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Playing By Memory
By Lisa Criss Griffin
Francie tucked her head down against the bite of the blowing snow as she struggled up the salted walkway of the nursing home. She had promised Poppy she would come play for him today, and she was currently regretting that promise. A sudden, strong gust of frigid wind buffeted her slight figure, knocking her off balance. She did a little dance on an icy patch of the sidewalk to avoid falling. Francie pulled open the heavy door of The Memory Care Center with one hand, hugging her violin case close to her chest with the other.
She stepped inside, tremendously relieved to be out of the cold, stinging wind. Francie stamped off the snow clinging to her waterproof, yet fashionable boots before she opened the inner door leading to the nurses’ station. The ever-present antiseptic smell of disinfectant wafted up her nostrils as she stepped inside the warm building. A nurse looked up from her charting and smiled when she recognized Francie.
“Well good afternoon, Miss Francie. Your Poppy has been talking about you coming to play for us all day! We are sure glad you decided to come…we would have heard about it all night long if the weather had kept you away,” she said with a wink.
“Yes, I can imagine,” Francie giggled.
She rested her free hand on the counter and leaned in towards the nurse.
“How is Poppy today, Marge?”
“He is having one of his better days, so I’m glad you are here. He actually remembered my name today while he fussed about taking his medication.”
“Awwww…I’m sorry he fussed with you, Marge.”
“Honey, it brought a smile to my face to see him feisty! I much prefer feisty to those vacant stares they all get lost in, further on down the road in dementia.”
Marge clicked the computer mouse to close the file and stood up, the stethoscope draped around her neck clinking softly. She made her way around the counter of the nurses’ station, her well-cushioned tennis shoes squeaking softly on the polished tile floor.
“Would you like some coffee before we go see him, Francie?”
“Oh, no thanks. I drank a cup on the way over.”
“Umm hummm, a white chocolate mocha with a shot of espresso?”
“You know me well, Marge!” Francie laughed.
“That I do honey, that I do.”
The two of them walked down the residential hallway towards the large living room. Marge’s shoes continued to squeak softly in protest on the light polished tile. The muted conversation of an aide talking with a resident grew louder, then faded as they passed by the room. Francie smiled at all the colorful spring flowers attached to the small whiteboards located outside each resident’s room down the wing. The Memory Care Center was so good about decorating for every season and holiday imaginable. The practice lifted everyone’s spirits and helped some of the residents remember what time of year it currently was. Francie was also looking forward to spring, which should have been here by now. Unfortunately, Punxsutawney Phil had lied to them again this year…the rotten little rodent.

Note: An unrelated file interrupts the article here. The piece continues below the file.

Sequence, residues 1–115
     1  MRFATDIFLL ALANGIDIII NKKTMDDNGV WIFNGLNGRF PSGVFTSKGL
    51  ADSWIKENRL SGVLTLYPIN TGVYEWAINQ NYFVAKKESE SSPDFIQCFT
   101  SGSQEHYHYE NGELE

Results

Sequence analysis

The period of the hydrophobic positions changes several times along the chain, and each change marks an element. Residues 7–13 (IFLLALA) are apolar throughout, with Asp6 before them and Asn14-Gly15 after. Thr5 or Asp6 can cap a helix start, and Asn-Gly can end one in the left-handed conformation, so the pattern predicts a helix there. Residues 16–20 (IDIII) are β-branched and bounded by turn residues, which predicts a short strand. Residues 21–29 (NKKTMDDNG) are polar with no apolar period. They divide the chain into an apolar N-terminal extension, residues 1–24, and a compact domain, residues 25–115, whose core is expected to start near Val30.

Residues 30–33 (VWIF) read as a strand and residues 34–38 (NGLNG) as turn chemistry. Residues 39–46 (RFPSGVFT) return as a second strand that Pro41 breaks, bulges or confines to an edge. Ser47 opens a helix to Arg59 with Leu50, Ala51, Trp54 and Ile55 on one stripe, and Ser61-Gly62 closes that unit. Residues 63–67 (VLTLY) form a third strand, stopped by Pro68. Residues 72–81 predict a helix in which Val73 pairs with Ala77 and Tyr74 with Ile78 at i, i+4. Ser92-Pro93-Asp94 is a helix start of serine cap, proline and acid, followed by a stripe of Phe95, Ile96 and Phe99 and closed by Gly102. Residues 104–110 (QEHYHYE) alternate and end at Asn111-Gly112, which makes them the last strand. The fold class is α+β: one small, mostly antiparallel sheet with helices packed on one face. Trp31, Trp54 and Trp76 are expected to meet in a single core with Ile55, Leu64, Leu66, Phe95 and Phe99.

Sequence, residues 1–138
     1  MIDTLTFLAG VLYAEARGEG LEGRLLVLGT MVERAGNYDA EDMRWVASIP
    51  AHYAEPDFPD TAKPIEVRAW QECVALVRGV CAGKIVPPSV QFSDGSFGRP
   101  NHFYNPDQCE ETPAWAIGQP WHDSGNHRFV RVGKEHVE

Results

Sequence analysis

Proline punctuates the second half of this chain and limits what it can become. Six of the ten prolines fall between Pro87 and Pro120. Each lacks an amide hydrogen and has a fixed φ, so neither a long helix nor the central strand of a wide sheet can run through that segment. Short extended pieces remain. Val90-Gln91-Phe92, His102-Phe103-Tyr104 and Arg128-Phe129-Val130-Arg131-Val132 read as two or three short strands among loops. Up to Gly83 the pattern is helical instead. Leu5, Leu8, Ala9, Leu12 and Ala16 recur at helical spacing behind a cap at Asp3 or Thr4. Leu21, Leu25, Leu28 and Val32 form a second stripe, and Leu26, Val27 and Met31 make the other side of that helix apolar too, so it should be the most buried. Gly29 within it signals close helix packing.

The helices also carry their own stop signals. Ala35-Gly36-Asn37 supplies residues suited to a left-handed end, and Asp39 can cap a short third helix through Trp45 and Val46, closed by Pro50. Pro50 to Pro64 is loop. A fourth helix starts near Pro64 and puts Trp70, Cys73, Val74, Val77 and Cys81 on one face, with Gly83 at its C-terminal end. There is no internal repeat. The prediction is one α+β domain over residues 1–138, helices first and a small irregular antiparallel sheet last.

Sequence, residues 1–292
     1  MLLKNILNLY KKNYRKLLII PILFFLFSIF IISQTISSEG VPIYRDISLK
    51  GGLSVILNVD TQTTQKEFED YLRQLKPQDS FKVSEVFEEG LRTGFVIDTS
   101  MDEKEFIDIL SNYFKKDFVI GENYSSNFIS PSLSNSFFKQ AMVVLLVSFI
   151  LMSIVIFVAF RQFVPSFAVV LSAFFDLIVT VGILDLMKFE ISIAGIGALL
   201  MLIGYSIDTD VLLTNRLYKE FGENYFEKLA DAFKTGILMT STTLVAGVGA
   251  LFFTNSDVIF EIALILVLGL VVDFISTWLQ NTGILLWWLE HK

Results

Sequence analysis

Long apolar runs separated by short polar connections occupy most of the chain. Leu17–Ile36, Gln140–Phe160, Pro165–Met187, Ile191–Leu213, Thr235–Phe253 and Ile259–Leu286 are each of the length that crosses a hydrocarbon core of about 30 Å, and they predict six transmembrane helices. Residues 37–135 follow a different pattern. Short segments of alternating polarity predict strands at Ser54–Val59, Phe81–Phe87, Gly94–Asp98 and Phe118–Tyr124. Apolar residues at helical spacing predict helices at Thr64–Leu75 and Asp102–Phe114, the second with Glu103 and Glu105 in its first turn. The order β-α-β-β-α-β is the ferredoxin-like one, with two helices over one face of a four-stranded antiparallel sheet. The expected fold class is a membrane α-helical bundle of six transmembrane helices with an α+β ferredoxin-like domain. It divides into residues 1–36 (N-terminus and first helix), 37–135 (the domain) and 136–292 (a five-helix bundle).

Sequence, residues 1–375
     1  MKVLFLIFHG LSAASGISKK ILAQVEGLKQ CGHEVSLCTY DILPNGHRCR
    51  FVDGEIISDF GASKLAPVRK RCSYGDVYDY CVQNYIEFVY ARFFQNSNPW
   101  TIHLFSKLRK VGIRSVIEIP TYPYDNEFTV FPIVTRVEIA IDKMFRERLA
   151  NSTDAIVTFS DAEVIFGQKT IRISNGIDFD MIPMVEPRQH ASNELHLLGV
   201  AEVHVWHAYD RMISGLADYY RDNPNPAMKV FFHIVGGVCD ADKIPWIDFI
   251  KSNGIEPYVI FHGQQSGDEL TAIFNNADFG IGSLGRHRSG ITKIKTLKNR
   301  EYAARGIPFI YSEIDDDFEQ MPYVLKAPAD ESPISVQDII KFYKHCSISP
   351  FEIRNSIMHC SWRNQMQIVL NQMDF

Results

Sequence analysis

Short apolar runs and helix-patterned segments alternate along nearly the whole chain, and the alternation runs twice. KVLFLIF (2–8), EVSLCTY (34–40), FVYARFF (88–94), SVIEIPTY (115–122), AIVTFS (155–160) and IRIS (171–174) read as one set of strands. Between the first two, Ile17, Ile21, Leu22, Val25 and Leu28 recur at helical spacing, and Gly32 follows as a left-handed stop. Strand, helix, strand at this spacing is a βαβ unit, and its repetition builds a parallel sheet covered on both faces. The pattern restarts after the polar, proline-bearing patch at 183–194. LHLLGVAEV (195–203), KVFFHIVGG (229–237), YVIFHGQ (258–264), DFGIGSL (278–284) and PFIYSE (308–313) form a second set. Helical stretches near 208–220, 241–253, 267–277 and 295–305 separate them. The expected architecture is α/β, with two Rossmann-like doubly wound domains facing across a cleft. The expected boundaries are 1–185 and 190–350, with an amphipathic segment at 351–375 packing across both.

Residents were scattered throughout the spacious living room. Some of the more alert residents were playing games, reading or watching an Andy Griffith Show rerun on the TV in the corner. Others were either sleeping or tracking the big snowflakes blowing by the floor to ceiling picture windows that made up most of the south wall. Francie liked this room. It was always full of hope and light.
Poppy was sitting in an electric recliner, reading. He could still read adventure stories as long as they moved along at a quick pace. Francie had brought him a Clive Cussler action-adventure novel last week. He was so engrossed in the story that he was unaware of her presence. Francie set her violin case on the floor and removed her heavy coat. She placed her hand gently on his shoulder.
“Hey, Poppy. Are you enjoying your book?”
Poppy looked up from his book in surprise.
“Well, Francie, I am glad you came! I’ve been looking forward to you playing…the…thing that…sings. Did you bring it with you?”
“Of course I did, Poppy. I know how much you enjoy listening to my violin.”
“Yes. The violin,” Poppy said as if he was placing the word back into his memory.
“What would you like to hear me play for you today, Poppy?”
Poppy’s faded blue eyes brightened.
“Hymns, little girl…hymns of course. Almost all of us still know the hymns.”
“Okay Poppy. Hymns it is.”
Francie leaned over and kissed Poppy’s cheek. He and Gran had raised her after her parents were killed in a horrific car accident eighteen years ago. She was barely two at the time, so she only had fleeting memories of them. Poppy and Gran loved music and took her to the big symphony concerts in the city regularly. She loved it from the very first time they took her, and she developed an interest in the violin. They found Francie a wonderful local violin teacher who mentored her until she left for college. She had played hymns in church often while she was growing up, so Poppy’s request for hymns would be easy for her to play by ear.
Francie walked over by the upright piano not far from Poppy. She pulled out her instrument, noting that it had gone out of tune from the cold. Violins were sensitive to temperature and humidity changes. She tightened up her bow and put a little rosin on it for good measure.